Eye On

Eye on: Compliance

November 19th, 2019 · 3 min read

This conversation with Robert Stirling, executive consultant at NRS Compliance, a strategic partner in the Chalice Advisor Exchange, underlines the importance of keeping up with compliance in a rapidly changing regulatory landscape.

What is “Reg BI,” and why is it important? Regulation Best Interest (Reg BI) raises the standard of conduct under which broker-dealers must operate. It does not impose any obligations on RIAs or their representatives.

To over-simplify, under Reg BI, a BD must make recommendations that are in the client’s best interest. But this standard fundamentally differs from the fiduciary standard of conduct applicable to RIAs, primarily in that it applies at the time recommendations are made, and not at all times. It is designed to clarify the BDs’ duties to retail clients beyond simple suitability and, in principle, to address situations in which BDs recommend products that are suitable but not necessarily in the client’s best interest. Reg BI also imposes broad disclosure obligations on BDs, including conflicts of interest and compensation practices.

Although it doesn’t apply to them directly, investment advisors and their representatives need to understand Reg BI in order to accurately communicate to retail clients the distinction between applicable standards of conduct — especially if they are dual registrants or have affiliated BDs.

What other proposals or rules should RIA owners be aware of? There are several. On Nov. 5, the SEC introduced significant revisions to the advertising and solicitation rules for the first time in decades. The proposed rule would significantly change current rules on testimonials and endorsements, provide new requirements for performance presentations, and revisit requirements for paying solicitors. The proposal is subject to a comment period and may undergo significant changes — or in fact be dropped altogether. But it’s important as a reflection of the SEC’s thinking on this vital subject.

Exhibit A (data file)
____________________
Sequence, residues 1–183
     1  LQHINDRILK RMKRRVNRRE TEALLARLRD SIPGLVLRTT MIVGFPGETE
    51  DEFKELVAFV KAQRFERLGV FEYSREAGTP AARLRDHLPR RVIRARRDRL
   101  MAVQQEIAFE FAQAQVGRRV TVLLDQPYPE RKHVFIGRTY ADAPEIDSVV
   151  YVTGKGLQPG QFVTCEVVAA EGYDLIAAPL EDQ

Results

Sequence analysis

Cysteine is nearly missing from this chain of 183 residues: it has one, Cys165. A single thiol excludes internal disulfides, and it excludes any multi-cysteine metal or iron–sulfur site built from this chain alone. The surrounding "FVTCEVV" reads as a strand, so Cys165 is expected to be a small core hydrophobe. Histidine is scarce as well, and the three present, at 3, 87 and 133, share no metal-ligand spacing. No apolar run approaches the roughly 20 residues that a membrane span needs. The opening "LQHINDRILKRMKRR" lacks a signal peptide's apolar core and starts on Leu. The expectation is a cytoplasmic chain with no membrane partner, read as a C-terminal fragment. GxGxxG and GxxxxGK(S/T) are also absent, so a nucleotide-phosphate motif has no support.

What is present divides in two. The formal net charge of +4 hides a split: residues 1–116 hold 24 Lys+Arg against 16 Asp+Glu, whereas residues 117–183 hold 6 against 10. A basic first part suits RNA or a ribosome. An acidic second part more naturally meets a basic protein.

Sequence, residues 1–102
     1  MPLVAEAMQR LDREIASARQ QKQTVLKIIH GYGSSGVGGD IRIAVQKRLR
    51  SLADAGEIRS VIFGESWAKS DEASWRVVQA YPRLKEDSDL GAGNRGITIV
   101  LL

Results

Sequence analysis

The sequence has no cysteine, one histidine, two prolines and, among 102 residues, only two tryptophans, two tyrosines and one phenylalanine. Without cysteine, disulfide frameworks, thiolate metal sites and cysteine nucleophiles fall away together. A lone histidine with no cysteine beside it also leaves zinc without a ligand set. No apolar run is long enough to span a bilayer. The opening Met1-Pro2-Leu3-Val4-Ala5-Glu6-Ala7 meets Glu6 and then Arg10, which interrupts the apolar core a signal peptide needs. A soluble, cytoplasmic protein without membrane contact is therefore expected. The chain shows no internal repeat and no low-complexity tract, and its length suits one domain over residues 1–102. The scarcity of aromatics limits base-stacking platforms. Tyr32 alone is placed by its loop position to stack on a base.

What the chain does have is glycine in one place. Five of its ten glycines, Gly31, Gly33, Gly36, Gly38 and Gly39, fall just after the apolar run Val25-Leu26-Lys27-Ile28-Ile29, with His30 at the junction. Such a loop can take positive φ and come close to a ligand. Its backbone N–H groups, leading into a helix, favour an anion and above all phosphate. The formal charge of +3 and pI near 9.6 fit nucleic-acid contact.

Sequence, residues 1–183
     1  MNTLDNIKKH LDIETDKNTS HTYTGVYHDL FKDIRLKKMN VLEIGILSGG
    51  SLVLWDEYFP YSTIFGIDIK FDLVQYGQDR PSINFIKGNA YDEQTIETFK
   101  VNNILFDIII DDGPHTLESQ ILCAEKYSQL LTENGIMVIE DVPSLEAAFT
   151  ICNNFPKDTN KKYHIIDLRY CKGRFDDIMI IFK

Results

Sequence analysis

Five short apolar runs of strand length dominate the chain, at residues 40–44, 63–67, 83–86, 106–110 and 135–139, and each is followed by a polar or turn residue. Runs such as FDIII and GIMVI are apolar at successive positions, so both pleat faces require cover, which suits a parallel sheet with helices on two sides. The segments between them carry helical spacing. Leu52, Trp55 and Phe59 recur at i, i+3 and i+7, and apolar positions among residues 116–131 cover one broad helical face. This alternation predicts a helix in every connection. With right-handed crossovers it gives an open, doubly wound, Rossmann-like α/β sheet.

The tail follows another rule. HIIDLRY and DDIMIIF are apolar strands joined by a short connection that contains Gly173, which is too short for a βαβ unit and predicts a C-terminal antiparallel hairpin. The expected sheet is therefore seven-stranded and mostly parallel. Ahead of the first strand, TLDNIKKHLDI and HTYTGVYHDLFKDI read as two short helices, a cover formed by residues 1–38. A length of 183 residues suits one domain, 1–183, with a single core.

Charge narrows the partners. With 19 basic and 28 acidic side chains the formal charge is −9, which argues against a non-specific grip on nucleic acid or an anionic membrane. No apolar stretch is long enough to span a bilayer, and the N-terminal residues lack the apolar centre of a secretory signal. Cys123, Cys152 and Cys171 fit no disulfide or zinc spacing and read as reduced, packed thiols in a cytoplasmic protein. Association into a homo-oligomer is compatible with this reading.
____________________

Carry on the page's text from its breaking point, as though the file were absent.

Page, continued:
Next up, the Department of labor is expected to re-introduce its late and unlamented fiduciary rule — this time it’s a kinder, more accessible framework that is in sync with "Reg BI" and the SEC’s recent interpretive release on the meaning of the term "fiduciary."

Already on the books but still brand-new territory is a rule requiring SEC-registered RIAs with retail clients to provide additional disclosure. By July 30, 2020, these RIAs must include a Form CRS (aka Form ADV Part 3) to, in the SEC’s wording, “inform retail investors about: (1) the types of client and customer relationships and services the firm offers; (2) the fees, costs, conflicts of interest, and required standard of conduct associated with those relationships and services; (3) whether the firm and its financial professionals currently have reportable legal or disciplinary history; and (4) how to obtain additional information about the firm."

What are the commonest misconceptions among RIA owners regarding compliance? There are so many! But the main ones are these, in no particular order:

  • Compliance and ethics are identical
  • Having a chief compliance officer means you, the CEO, are absolved from having anything to do with compliance
  • Other RIA owners you play golf with know more about compliance than your CCO
  • Compliance is just a matter of using the right verbiage on the right forms and submitting them by the deadline
  • Therefore, documents, contracts and written procedures are OK if they contain certain magic words — even if they don’t accurately reflect your firm’s business
  • SEC examiners visit your office to hear your opinions of the SEC

What’s the worst compliance misstep you’ve encountered? Again, there are many to choose from. But one comes to mind, and it illustrates that good compliance extends beyond simply meeting the bare requirements of the rules. An RIA owner hired a third-party solicitor to bring in new clients. The advisor met all of the requirements of the Cash Solicitation Rule, but did not consider additional best practices, such as requiring a review of the solicitor’s marketing efforts. One day the advisor asked the solicitor how things were going, and the solicitor replied, “I’m getting a great response to that ad.” The advisor asked, “What ad?” It turns out the solicitor had printed up a flyer saying the advisor’s performance was up 40% and mailed it to the solicitor’s contact list. That list included one of the advisor’s competitors, who forwarded it to the SEC.

Learn more about Starkweather & Shepley here.